Akasa, the startup airline that’s been in the news a lot, is yet to make any moves beyond the public acceptance by maverick investor Rakesh Jhunjhunwala about his investments. Very few carriers make you sit up and notice them even before their engines start. Over a decade and half ago, when IndiGo ordered 100 aircraft at the Paris air show, many had written it off before its first flight.
Akasa, which got its No Objection Certificate (NOC) on October 11, will be noticed right from the announcement, as was Vistara or AirAsia India. While aviation is all about being in the news for the right reasons, more often than not, aviation in India is in the news for losses and how brutal the market is.
Profits are elusive
If Akasa has to look around for similarities, it should look at the trajectory AirAsia India took. Another maverick, Tony Fernandes, was making bold statements and his appointed CEO was confident of achieving break-even within the first year of operations. As fate would have it, they had to vacate their first route between Bengaluru and Chennai due to intense competition. The airline hasn’t had a breakeven year yet, with AirAsia Bhd no longer infusing funds and the Tata group now owning 84 percent with the likelihood of a 100 percent stake by March next year.
Vistara, the last major entrant in Indian skies, has also alluded to profits. The ultra-premium carrier has seen multiple changes to its aircraft configuration and now has all-economy-class aircraft in its fleet. If that isn’t all, the airline had also started a special fare class with Buy on Board as an option.
Airlines across the board have racked up losses, with the likes of Jet Airways, where most of the Akasa team was in the past, biting the dust. While Jet Airways was home for a longer duration for many in the Akasa team, CEO Vinay Dube had a short stint with the brief to be the airline’s turnaround man. Jet Airways, however, was grounded in April 2019. Dube then moved to Go Air (now Go First) only to have an unceremonious exit post the lockdown.
Where does Akasa fit?
Akasa is said to be an Ultra-Low Cost Carrier (ULCC). The management team that is driving the airline has not spent many years in an LCC or a ULCC. Yet the hopes are high, thanks partly to Jhunjhunwala’s name being associated with the carrier.
With slots running out fast across the country and the Tata Group, with four carriers, definitely looking at integrating and strengthening its presence in the major metros and Tier I cities, the going will be tough for Akasa. While half the market was fragmented until last month, when the transfer of Air India is complete, the market will be divided between two major players: IndiGo, which controls half the market, and Tata group, which will command a quarter of the market.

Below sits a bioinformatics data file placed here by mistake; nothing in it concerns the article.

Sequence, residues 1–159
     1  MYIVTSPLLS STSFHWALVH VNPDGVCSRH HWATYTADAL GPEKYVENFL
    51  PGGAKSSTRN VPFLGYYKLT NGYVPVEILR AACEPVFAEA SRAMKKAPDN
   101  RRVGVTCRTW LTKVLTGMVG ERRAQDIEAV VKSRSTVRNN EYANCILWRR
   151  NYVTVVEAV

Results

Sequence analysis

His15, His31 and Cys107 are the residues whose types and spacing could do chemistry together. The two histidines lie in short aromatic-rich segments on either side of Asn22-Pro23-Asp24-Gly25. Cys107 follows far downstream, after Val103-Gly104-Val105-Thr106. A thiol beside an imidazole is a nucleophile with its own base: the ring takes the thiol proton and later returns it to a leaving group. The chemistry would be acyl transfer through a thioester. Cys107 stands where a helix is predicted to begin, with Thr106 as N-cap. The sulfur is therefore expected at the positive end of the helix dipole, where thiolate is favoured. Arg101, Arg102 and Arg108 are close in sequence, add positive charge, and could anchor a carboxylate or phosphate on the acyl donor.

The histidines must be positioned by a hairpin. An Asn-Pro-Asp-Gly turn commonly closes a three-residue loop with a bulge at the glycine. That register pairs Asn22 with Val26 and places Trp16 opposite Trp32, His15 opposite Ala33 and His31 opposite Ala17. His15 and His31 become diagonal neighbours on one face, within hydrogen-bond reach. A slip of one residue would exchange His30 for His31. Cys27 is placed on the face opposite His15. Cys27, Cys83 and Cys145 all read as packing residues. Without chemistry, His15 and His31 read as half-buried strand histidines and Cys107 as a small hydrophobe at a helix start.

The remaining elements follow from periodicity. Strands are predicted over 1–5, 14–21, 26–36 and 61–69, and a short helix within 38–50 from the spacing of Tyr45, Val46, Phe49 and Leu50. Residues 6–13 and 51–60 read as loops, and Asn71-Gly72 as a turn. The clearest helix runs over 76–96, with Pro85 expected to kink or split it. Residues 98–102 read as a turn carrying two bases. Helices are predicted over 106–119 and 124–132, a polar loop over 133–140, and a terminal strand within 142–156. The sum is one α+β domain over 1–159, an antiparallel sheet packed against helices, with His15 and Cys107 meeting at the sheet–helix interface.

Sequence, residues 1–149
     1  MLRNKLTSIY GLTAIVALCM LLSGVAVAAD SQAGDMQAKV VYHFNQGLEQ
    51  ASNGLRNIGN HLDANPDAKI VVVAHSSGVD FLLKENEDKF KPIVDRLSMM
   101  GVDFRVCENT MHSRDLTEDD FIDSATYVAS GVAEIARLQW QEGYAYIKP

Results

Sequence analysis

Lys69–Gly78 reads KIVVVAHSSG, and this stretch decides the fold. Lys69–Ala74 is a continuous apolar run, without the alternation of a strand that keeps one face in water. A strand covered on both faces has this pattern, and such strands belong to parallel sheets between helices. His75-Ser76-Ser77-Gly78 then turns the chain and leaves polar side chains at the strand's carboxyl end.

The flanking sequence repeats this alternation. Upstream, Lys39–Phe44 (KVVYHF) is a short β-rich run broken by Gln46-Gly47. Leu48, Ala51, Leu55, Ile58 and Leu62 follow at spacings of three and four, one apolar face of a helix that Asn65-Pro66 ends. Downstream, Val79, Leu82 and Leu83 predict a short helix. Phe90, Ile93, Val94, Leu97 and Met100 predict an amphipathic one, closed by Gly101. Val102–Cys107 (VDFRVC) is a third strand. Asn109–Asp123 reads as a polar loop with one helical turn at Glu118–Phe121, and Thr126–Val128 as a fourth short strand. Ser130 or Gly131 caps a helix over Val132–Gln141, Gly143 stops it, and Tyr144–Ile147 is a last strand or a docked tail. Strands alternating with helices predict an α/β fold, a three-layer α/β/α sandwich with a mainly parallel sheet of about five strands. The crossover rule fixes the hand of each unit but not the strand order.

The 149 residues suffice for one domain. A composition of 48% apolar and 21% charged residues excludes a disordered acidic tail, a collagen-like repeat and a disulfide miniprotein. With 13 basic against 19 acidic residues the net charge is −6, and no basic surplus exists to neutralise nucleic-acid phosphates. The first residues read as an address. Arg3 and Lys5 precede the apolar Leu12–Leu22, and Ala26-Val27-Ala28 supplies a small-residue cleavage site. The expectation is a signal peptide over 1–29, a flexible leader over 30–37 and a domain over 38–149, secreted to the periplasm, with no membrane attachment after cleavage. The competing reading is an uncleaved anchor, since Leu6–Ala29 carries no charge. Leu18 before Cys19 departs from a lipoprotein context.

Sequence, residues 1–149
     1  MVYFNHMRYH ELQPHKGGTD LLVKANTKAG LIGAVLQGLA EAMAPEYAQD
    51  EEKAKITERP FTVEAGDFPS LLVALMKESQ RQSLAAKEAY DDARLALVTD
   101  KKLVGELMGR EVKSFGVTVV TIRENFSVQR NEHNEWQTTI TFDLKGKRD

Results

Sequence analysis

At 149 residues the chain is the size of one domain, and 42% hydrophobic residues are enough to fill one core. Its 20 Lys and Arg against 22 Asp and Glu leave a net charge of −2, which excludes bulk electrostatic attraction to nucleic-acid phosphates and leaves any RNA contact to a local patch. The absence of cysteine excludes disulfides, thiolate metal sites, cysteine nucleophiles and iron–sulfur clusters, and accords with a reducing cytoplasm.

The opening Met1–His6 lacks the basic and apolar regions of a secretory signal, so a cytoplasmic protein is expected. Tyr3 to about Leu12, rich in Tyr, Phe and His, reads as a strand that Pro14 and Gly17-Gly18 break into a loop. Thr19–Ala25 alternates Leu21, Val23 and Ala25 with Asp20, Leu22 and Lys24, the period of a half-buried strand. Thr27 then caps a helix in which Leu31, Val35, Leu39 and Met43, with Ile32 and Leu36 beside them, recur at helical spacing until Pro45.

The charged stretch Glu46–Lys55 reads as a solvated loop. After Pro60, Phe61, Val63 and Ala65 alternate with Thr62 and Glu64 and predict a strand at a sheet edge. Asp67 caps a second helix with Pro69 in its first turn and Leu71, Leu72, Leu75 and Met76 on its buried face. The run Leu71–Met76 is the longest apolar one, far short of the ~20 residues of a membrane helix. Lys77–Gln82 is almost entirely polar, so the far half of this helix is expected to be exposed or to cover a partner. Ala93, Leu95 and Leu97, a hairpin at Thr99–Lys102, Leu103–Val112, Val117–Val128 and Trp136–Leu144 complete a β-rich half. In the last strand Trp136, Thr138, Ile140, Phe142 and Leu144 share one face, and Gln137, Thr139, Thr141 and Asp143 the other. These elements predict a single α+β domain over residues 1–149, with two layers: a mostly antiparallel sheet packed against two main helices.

It also won’t be easy to push weaker players like AirAsia India anymore and by the time Akasa takes to the air, Go First would have a plan in place with the funds raised from its planned IPO. SpiceJet, too, is expected to tide over its funding crisis, at least partially, thanks to hiving off its cargo subsidiary.
What after the NOC?
Vistara was formed in October 2013 and received its first aircraft in September 2014. The airline commenced operations in January 2015. The journey could be smoother for Akasa, as the government tries to focus on the ease of doing business.
The airline is yet to announce its fleet type. While pilots are available in abundance, the situation is fast changing as countries open up, including the likes of New Zealand, Australia and Singapore, which are pushing for a plan to live with COVID-19 instead of focusing on a zero Covid strategy. This has meant that airlines have started offering jobs to pilots who were laid off and are opening up new vacancies.
Availability of pilots may also depend on the fleet type that the airline selects. The notice period of one year in India for captains would mean that the airline will have to plan ahead of time to ensure that it has steady manpower in place or rely on expensive expats.
The airline now moves to a stage where it will await an Air Operating Permit (AOP) from the DGCA, which will be issued when the regulator is satisfied with every aspect of operations and safety. That will involve checking and certifying various manuals and ensuring that mandatory positions are filled up by the airline. Just before the AOP is issued, the airline will have to hold proving flights with DGCA officials on board.
With the NOC in place, the first hurdle has been crossed, and the real race is about to begin.